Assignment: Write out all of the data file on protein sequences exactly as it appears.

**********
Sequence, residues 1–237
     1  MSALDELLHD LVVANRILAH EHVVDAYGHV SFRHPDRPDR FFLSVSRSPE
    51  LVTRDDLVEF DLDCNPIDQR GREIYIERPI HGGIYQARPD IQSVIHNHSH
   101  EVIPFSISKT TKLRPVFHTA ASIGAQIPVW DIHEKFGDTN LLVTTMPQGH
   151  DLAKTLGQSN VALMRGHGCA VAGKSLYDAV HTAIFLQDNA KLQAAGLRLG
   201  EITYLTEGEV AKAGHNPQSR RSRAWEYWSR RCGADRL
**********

Sequence, residues 1–237
     1  MSALDELLHD LVVANRILAH EHVVDAYGHV SFRHPDRPDR FFLSVSRSPE
    51  LVTRDDLVEF DLDCNPIDQR GREIYIERPI HGGIYQARPD IQSVIHNHSH
   101  EVIPFSISKT TKLRPVFHTA ASIGAQIPVW DIHEKFGDTN LLVTTMPQGH
   151  DLAKTLGQSN VALMRGHGCA VAGKSLYDAV HTAIFLQDNA KLQAAGLRLG
   201  EITYLTEGEV AKAGHNPQSR RSRAWEYWSR RCGADRL